A primary goal of most, if not all, analyst relations programs is to get products, services, and/or companies mentioned, or featured, in analyst reports. Whether it is a use case example to reinforce a point or in a report like Gartner Magic Quadrants (and similar style reports from other firms) that evaluates companies and technologies, a mention is a measurable result of an AR program.
But what is the most important thing to do when mentioned, particularly prominently?
(Hint: It’s not “license a reprint.”)
The answer: Sales Enablement.
When you are mentioned by a prominent analyst firm, it is likely that clients and prospects will ask you about it. But they aren’t asking the AR team or the product team. They are asking the sales team. Make sure they are prepared. (As an aside, this applies to any article that you are mentioned in prominently, not just analyst reports.)
How do you do this? Here are a few ideas:
- Develop the foundation (while following any of the relevant rules/guidelines from the analyst firm):
- Explain the context of the mention
- Provide the company perspective (what you agree with and what you don’t agree with.
- Share other insights from the research (could be on competitors or other scenarios)
- Share throughout the company, but focus on customer facing employees, particularly sales. Use multiple communications strategies (e-mails, internal Webinars, intranets) to make sure the message is heard.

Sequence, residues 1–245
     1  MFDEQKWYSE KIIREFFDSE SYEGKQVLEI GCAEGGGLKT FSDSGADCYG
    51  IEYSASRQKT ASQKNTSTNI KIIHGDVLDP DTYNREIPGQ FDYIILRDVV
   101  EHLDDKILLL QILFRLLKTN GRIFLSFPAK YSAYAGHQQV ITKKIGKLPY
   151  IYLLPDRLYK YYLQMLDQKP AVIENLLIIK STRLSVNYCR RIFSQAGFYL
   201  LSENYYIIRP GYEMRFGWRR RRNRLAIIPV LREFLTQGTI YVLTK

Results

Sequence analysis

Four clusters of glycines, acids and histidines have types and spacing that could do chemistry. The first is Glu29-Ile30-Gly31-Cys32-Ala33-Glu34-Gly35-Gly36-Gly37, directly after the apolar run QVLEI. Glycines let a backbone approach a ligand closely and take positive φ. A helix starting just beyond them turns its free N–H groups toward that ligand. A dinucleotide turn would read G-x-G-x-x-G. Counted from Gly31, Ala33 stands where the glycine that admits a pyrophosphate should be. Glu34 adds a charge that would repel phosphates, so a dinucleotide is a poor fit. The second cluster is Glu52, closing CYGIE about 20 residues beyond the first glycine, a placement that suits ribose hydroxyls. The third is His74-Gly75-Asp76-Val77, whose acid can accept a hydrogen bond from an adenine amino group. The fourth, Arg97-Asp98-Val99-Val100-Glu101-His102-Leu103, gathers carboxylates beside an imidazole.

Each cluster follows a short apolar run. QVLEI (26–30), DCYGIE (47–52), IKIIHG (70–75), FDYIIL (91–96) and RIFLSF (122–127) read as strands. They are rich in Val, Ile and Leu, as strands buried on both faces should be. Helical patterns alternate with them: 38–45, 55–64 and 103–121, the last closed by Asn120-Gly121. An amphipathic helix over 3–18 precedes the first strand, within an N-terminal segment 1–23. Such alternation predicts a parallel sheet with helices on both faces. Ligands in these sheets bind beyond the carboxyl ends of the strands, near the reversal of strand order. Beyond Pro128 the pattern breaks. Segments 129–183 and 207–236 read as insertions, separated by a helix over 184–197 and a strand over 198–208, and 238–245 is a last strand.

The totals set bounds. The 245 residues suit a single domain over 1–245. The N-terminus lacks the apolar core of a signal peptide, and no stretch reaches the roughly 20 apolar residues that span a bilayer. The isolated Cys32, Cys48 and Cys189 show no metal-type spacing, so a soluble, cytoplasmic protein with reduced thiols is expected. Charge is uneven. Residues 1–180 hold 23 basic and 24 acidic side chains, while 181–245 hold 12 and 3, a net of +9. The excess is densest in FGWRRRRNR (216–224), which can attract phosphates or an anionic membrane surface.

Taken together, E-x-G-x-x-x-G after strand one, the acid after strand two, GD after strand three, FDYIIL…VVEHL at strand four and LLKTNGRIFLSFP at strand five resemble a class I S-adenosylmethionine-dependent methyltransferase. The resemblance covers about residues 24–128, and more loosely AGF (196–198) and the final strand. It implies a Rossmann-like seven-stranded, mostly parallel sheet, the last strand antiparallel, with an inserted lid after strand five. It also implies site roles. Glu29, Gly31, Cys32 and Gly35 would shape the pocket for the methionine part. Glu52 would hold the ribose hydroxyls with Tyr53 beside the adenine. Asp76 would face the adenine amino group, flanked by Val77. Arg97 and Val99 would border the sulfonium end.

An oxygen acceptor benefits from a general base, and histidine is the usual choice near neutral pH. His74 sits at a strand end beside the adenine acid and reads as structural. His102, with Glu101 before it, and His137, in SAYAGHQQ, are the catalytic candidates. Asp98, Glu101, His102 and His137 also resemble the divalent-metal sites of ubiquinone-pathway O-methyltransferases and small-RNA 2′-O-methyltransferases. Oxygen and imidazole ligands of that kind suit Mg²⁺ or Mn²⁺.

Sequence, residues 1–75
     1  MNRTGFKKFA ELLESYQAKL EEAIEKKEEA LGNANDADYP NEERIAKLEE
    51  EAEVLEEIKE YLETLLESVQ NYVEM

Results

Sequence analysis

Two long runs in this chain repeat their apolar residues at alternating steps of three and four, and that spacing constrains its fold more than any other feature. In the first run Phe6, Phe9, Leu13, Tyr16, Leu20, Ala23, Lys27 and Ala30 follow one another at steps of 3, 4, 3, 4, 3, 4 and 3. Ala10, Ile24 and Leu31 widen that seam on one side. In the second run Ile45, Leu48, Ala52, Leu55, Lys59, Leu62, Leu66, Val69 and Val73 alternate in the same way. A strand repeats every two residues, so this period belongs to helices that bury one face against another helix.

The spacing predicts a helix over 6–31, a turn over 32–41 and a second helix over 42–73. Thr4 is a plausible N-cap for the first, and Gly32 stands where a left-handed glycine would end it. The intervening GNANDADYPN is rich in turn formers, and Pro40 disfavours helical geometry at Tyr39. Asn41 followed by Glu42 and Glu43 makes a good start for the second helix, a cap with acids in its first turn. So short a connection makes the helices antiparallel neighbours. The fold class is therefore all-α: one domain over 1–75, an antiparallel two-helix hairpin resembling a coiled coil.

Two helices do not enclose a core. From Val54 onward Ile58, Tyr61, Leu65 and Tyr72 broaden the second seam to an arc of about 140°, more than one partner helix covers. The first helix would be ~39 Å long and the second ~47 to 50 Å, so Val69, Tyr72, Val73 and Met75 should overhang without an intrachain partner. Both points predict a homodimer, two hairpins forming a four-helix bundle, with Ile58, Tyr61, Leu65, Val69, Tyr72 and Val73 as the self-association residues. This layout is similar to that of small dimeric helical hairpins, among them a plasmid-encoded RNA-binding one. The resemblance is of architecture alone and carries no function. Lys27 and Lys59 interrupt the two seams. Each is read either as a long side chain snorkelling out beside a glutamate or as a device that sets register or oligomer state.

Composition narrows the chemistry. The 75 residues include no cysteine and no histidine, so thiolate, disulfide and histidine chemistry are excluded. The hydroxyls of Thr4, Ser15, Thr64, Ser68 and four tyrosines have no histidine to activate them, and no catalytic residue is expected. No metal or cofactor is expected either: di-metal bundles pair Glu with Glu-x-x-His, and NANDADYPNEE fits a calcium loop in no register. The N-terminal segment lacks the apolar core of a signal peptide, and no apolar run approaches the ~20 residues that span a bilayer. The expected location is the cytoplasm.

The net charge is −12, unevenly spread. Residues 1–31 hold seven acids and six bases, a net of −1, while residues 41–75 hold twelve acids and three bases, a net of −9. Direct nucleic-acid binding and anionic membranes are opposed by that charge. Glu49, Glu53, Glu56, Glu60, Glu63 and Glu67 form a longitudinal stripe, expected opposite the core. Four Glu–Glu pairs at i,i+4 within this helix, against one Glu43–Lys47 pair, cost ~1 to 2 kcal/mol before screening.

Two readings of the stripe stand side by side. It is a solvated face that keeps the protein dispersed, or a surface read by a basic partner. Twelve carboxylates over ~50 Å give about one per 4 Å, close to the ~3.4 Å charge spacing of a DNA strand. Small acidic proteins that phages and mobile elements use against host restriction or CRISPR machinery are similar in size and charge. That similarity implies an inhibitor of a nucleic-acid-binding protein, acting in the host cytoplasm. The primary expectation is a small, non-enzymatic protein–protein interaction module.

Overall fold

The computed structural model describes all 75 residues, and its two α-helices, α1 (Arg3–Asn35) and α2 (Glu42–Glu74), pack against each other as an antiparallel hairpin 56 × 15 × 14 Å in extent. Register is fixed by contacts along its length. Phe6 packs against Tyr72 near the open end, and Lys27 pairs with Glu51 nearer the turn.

- Supplement with additional guidelines
- Situations to bring up the research proactively
- Objection handling
This all seems straightforward, but as I think about the various technology firms I worked for, I’ve rarely seen this done at all. And I include those companies where it was my responsibility to have done this. I screwed up.
When you don’t do this, everything is reactive. I still remember a situation where there was a competitive POC bake-off. Both my firm and the competitor were featured in “the best place” in an analyst report. The competitor was slightly better positioned. Despite winning the bake-off, the sales team had to defend the placement. But they had no context. Once they came to me, we were able to show the prospective client that all the things they liked about our product and strategy were reinforced in the research. Some of the reasons the competitor was better positioned were not relevant to their situation.
We ended up succeeding, but the deal was delayed as we scrambled to put this together. Don’t let this happen to you. Be proactive.
And, if you are wondering about reprints, here are my general guidelines on content licensing.
But focus first and foremost on sales enablement.
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